3 comments / Posted on by Wallace Chu

Ever wonder how RFID wristbands work? You’ve probably seen them at music festivals such as South by Southwest or Sasquatch!. We often get questions about how RFID technologies really work. So today, we’ll explain RFID in an easy-to-understand way.

Before we get started explaining how RFID wristbands work, it’s important to know how to tell a non-RFID and RFID-equipped wristband apart. RFID-enabled wristbands look like standard festival wristbands from a distance, but up close you will notice small differences in their aesthetics and feel. Similar to custom wristbands, you can print your own designs, logos, and messaging onto the wristband itself.

 

One common type of RFID wristbands features a hard plastic chip or some kind of enclosure which give them a distinct look. In reality, they serve to protect the chip inside.

Some RFID wristbands do not have a hard plastic piece and instead look just like vinyl or plastic wristbands from a distance. When you touch these wristbands however, you’ll notice almost right away that they feel slightly thicker. You can sometimes also feel the printed RFID microchip underneath. 
A third type of RFID wristband features a soft rubber bracelet, but with a lump that houses the RFID chip.

 

Types of RFID Systems

RFID stands for Radio Frequency Identification and uses radio waves to transmit information between two or more devices. At the most basic level, an RFID system is comprised of a tag and a reader device. The tag is comprised of a transmitter, receiver, and an integrated circuit that stores information. An RFID tag can also have a battery, though it depends on the type of tag. There are three types of tags: passive, active, and battery-assisted.

  • Passive – Passive RFID tags do not have a battery built-in and they utilize radio energy transmitted by the reader for power.

  • Active – There is an onboard battery that powers the RFID tag, which transmits information regularly without requiring a reader.

  • Battery-Assisted – The RFID tag contains a battery that only powers the tag when in the presence of a reader.

Communication between the tag and reader does not require line-of-sight or physical connection. But there are limits on range, depending on what frequency the system operates at.

  • Low Frequency (125-134 kHz) – Very short read/write range of no more than a few centimeters, with limited memory storage capacity. Low data transmission speeds and few tags can be read at once.

  • High Frequency (13.56 MHz) – Short read/write range of several inches, but with larger memory capacities and medium data transfer rates.

  • Ultra-High Frequency (433 MHz & 856-960 MHz) – Long distance read/write range of up to 70 feet and large data capacities. High data transfer rates as well.

When it comes to RFID wristband systems at parks and festivals, most operate at high frequency with passive tags. A low power radio wave activates the chip to read and write data that is used to identify a patron.

How Much Data Can an RFID Tag Store?

An important element in how RFID wristbands work is storage capacity. The largest passive RFID tags can store up to 3720 bytes, or 3.72 kilobytes of information. That may seem like a small amount, but that is enough to store your name, address, credit card numbers, date of birth, and whatever identifying information the local administrator wants to track.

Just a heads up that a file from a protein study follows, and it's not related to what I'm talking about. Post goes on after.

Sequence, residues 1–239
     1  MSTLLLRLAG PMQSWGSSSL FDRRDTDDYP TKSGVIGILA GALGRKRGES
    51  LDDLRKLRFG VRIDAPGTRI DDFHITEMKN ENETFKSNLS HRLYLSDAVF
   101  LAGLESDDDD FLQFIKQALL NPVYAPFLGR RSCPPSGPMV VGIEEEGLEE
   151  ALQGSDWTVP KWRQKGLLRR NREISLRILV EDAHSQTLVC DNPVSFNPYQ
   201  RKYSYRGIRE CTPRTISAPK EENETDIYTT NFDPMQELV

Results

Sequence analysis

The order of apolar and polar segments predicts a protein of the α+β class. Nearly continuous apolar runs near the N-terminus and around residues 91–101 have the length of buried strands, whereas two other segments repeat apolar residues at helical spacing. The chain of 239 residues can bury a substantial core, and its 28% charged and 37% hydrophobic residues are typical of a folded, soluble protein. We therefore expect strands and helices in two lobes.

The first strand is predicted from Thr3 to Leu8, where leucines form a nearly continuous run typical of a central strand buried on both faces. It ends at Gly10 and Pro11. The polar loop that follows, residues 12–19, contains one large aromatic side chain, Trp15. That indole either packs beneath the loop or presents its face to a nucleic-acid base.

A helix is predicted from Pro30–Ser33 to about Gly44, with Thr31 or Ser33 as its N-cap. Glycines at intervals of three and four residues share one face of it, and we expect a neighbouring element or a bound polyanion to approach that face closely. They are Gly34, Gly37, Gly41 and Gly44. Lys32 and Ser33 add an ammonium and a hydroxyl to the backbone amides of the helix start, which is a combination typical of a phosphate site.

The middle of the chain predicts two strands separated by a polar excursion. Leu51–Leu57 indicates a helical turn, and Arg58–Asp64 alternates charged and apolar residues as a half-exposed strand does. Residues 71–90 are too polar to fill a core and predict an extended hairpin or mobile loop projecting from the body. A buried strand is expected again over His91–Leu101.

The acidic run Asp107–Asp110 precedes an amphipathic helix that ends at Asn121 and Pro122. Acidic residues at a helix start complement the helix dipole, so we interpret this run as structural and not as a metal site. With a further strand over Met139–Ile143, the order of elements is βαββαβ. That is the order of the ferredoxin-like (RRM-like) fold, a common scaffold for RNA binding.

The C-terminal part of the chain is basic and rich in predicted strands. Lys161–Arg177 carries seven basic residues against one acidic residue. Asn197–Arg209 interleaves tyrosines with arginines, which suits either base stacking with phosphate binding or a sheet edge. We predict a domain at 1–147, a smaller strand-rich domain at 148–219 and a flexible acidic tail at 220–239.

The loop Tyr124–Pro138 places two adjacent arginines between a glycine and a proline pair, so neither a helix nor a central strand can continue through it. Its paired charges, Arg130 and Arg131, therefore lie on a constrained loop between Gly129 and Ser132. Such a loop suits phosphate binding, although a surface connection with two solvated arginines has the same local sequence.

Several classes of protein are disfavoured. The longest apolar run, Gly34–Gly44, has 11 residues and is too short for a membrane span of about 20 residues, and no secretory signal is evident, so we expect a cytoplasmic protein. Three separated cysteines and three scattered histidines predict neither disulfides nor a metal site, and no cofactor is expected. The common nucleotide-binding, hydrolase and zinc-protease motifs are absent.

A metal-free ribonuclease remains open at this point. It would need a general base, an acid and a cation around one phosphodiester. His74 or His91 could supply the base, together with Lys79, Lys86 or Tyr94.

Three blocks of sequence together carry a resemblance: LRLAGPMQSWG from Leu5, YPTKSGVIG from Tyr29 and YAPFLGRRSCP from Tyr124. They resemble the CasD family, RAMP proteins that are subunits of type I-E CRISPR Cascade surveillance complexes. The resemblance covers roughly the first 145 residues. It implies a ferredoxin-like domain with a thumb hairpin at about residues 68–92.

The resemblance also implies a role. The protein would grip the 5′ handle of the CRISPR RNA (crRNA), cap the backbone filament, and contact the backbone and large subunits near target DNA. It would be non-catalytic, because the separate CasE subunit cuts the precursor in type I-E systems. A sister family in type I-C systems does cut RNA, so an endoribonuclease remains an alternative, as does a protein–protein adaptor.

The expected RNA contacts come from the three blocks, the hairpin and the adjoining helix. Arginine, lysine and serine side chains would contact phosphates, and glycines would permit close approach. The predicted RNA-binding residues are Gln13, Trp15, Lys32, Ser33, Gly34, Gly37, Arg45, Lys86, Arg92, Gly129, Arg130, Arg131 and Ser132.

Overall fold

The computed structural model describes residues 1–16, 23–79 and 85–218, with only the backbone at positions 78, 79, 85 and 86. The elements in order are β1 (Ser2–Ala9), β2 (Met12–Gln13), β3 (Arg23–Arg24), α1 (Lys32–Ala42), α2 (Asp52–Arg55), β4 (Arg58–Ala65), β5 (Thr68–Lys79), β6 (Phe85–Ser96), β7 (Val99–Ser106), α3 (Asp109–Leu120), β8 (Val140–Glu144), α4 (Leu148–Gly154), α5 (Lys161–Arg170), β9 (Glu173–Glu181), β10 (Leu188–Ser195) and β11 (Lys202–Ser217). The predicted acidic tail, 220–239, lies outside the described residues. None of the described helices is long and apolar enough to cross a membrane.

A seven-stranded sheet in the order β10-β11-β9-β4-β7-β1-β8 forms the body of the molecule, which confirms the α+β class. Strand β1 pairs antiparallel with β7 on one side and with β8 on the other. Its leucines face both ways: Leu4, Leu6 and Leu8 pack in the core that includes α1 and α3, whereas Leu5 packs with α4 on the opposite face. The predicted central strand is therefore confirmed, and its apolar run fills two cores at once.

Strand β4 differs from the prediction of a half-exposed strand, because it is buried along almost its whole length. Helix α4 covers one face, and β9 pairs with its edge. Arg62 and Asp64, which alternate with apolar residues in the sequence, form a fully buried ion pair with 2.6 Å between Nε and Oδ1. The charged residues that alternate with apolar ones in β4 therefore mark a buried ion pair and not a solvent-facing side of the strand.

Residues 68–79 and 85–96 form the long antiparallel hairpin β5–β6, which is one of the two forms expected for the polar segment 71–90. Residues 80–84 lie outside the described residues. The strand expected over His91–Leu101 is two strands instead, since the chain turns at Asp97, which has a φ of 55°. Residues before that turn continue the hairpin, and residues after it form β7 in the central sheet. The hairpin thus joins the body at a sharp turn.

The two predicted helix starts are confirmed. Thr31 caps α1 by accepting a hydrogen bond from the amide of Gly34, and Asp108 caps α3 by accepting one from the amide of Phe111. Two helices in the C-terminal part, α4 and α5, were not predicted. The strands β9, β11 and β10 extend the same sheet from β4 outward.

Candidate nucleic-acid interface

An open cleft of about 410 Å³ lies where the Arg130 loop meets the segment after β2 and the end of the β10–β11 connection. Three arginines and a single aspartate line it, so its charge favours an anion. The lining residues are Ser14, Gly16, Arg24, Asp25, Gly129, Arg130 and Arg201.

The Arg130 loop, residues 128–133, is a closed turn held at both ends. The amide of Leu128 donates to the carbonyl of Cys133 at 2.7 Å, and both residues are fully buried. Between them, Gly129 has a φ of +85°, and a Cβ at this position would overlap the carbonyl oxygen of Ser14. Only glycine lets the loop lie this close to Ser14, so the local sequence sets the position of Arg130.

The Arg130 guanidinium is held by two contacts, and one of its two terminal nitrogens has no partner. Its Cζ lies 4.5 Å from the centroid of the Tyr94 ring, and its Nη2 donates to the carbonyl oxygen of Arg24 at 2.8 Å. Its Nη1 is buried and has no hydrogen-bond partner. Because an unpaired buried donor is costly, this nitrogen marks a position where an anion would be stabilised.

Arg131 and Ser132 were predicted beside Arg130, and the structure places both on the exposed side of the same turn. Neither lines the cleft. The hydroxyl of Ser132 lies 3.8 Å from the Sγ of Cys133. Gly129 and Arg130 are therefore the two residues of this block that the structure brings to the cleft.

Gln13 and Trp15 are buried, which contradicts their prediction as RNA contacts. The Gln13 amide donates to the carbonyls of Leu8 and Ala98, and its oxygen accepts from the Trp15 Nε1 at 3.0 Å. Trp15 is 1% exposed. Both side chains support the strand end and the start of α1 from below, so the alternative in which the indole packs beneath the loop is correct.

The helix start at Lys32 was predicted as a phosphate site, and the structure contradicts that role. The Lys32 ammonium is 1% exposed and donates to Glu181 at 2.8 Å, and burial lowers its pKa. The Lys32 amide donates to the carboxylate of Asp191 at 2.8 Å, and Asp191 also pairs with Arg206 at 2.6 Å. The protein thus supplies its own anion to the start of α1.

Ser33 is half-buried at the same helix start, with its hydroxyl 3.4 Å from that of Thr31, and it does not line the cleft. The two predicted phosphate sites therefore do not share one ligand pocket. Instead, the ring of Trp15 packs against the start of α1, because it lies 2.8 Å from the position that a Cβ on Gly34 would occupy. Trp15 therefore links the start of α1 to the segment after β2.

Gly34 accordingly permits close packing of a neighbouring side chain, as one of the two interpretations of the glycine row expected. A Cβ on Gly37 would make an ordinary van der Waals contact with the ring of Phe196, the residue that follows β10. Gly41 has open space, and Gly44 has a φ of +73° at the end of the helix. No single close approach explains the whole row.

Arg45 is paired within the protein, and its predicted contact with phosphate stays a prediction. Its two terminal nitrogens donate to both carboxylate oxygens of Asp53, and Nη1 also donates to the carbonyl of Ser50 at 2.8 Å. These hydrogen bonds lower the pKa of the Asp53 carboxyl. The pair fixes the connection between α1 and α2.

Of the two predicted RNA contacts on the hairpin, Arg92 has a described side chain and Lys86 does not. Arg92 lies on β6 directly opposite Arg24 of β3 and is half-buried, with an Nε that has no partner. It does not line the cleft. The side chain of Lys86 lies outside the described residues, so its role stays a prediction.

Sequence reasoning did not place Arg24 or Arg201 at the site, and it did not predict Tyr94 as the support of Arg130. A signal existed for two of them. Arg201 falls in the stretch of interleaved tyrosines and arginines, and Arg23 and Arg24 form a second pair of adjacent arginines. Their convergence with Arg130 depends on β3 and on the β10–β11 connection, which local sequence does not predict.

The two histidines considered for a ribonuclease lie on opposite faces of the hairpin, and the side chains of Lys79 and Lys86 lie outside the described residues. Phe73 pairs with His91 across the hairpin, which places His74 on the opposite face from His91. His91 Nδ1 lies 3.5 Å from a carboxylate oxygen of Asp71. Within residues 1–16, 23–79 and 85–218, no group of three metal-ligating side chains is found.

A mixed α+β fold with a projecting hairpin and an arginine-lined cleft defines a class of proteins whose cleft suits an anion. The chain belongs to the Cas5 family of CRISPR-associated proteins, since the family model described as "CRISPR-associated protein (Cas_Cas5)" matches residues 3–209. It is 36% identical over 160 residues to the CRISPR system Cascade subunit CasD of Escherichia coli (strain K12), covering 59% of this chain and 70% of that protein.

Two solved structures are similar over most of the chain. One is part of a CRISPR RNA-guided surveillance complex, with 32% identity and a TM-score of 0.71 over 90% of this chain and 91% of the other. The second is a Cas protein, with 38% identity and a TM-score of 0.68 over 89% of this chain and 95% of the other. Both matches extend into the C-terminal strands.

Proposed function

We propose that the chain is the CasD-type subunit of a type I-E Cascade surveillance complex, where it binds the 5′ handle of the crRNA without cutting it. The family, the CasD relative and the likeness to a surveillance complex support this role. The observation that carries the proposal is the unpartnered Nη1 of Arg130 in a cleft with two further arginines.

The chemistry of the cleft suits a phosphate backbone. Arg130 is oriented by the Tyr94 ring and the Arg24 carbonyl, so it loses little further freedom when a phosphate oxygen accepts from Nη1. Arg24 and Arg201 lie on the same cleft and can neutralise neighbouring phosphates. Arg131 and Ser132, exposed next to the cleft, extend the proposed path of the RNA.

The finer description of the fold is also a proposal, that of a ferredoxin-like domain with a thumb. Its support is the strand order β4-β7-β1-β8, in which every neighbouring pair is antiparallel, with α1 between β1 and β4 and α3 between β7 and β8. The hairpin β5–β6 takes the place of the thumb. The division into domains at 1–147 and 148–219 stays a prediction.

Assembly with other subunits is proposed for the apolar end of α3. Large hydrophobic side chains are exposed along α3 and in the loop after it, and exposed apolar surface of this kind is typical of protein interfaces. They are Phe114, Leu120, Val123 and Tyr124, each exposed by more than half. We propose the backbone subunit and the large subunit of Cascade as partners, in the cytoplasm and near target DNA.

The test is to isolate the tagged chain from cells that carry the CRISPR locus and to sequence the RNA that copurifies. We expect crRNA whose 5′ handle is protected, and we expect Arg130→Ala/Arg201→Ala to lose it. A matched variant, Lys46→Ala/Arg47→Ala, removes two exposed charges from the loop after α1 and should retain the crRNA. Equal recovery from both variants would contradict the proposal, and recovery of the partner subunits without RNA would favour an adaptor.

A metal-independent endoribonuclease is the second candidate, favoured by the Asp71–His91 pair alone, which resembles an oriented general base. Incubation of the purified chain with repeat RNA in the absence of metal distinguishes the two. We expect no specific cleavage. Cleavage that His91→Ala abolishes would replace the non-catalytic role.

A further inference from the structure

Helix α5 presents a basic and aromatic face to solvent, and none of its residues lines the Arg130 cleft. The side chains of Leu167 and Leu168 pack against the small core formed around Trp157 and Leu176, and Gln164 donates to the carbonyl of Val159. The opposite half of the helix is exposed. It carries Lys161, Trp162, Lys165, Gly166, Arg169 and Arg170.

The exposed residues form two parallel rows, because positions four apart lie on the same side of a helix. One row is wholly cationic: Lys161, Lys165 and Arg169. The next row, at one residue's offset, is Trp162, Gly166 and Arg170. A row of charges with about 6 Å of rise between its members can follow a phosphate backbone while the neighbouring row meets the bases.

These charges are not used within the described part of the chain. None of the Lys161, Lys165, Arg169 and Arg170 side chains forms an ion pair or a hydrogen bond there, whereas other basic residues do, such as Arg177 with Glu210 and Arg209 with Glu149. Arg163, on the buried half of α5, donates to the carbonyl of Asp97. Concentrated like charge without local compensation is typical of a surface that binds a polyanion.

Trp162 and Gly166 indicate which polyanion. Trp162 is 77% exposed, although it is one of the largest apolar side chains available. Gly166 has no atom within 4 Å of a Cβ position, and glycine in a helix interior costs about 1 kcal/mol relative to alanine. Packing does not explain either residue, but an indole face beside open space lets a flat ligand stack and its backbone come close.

Ultra-high frequency tags can store up to 8 kilobytes of information, but such tags are typically reserved for use in the aerospace industry. For wristbands and access control systems, RFID tags typically are 3 kilobytes or smaller and do not contain sensitive information such as your social security number.

Data you sometimes find stored on RFID tag can include identification credentials, purchasing credits, vouchers, and even social media integration. So when you walk through a checkpoint, you can choose to have your activity posted to social media automatically. For hotels, an RFID system can even replace keycards for access control.

Dorney Park, an amusement park in Allentown, PA implemented a FastPay system that used PDC’s RFID wristbands and saw increased customer spending and greater revenue. Meanwhile, customers enjoyed peace of mind knowing that their credit cards remained safely tucked away in lockers.

RFID as a Tracking Device

Since most RFID wristbands use passive tags that operate at high frequency, they cannot track wearers actively and are limited to very short distances. However, an RFID system may track a wearer’s last known location by recording the last checkpoint they used their wristband at. For venues, RFID wristbands serve best as contactless payment and access control.

Conclusion

RFID wristband systems and RFID technology in general is here to stay. If increased profits and more efficient payment systems are a priority for you, then RFID wristbands are a natural fit. Armed with the information above, you now understand how RFID wristbands work and know their uses and limitations.

3 comments

  • Posted on by Anton Benjamin

    Thank you very interesting! Quick question.

    Is it possible to send a pre-programmed message to a mobile phone from a RFID tag?

  • Posted on by ralph macchio

    In reply to Shanti for anyone else reading, you could identify multiple users easily by tracking location, if one person was to wear them all you would have only one simultaneous location.

  • Posted on by Shanti Bhatt

    Hi,
    Actually, I am interested for the RFID tracking system for my employees. Can you please tell me…
    How can I identify that multiple users wore the bands or a single user has wore all the bands.

    Thanks

Leave a comment

All blog comments are checked prior to publishing